Assessing the quality of electronic health record data and patient self-report data

Conference Paper

Knowing the accuracy of self-reported medical data is critical to using the data in clinical decision-making and research. The same is true for data in Electronic Health Records (EHRs). For these data, accuracy reported in the literature varies widely leaving little to guide researchers in selection of the most accurate data source. This study addresses this gap by comparing patient self-report and EHR data and is the most extensive study to date in the accuracy of clinical data. The study design, data collection and preliminary results for race data are reported here. The initial comparison of race data in a small group of participating clinics showed a 33% discrepancy rate. Further, bias was evident in that all of the discrepant records were from patients reporting Hispanic ethnicity. Initial characterization of the results identified process differences among the clinics and lack of identification with the race categories among patients. The extent of variability in discrepancy rates across facilities and other data elements remains to be characterized but the necessity for accuracy assessment has been demonstrated.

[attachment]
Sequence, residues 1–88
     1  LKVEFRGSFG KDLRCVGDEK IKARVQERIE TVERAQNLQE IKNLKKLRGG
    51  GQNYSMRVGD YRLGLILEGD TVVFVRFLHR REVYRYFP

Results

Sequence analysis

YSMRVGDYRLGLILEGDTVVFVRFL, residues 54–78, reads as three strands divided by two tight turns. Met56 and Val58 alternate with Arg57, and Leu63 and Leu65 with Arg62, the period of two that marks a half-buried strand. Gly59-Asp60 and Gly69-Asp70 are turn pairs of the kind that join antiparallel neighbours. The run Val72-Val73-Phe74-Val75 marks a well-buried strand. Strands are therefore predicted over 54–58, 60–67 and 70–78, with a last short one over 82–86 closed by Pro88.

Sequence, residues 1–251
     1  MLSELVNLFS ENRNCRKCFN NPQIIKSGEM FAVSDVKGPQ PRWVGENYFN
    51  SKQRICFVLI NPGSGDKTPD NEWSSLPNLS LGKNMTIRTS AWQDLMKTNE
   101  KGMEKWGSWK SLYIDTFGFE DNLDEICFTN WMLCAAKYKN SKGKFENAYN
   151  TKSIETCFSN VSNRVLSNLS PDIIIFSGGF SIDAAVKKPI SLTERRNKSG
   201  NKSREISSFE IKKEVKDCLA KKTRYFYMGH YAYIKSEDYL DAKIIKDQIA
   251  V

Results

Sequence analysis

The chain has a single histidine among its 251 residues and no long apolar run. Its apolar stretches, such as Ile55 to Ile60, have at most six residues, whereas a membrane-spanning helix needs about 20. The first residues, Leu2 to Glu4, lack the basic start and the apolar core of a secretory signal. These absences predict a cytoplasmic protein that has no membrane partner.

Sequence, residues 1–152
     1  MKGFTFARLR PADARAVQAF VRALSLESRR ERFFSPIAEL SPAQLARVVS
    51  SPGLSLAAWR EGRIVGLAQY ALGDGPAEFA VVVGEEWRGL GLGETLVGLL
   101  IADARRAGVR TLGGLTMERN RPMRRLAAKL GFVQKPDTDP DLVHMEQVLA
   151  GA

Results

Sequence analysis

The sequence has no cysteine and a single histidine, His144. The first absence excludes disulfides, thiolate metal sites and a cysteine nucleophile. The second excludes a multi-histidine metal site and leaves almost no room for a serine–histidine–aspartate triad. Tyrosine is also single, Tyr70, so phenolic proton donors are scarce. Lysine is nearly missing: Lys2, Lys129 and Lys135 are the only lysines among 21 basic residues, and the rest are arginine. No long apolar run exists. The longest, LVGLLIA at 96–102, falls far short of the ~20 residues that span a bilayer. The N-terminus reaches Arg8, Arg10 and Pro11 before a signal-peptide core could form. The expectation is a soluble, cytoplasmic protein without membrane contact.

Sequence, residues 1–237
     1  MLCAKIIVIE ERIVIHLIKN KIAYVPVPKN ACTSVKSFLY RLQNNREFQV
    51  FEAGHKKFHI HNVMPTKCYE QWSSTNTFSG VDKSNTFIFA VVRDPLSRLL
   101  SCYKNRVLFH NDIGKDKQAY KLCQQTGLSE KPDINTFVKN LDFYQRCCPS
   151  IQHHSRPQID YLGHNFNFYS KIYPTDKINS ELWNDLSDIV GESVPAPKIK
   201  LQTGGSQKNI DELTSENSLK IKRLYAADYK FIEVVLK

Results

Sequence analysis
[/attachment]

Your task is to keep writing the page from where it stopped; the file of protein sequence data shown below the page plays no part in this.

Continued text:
Duke Authors

Cited Authors

  • Zozus, MN; Walden, A; Byers, M; Powell, T; Wang, P; Garza, M; Del Fiol, G; Tenenbaum, J; Nix, M; Pieper, C

Published Date

  • January 1, 2017

Published In

  • Proceedings of the 22nd Mit International Conference on Information Quality, Iciq 2017

Citation Source

  • Scopus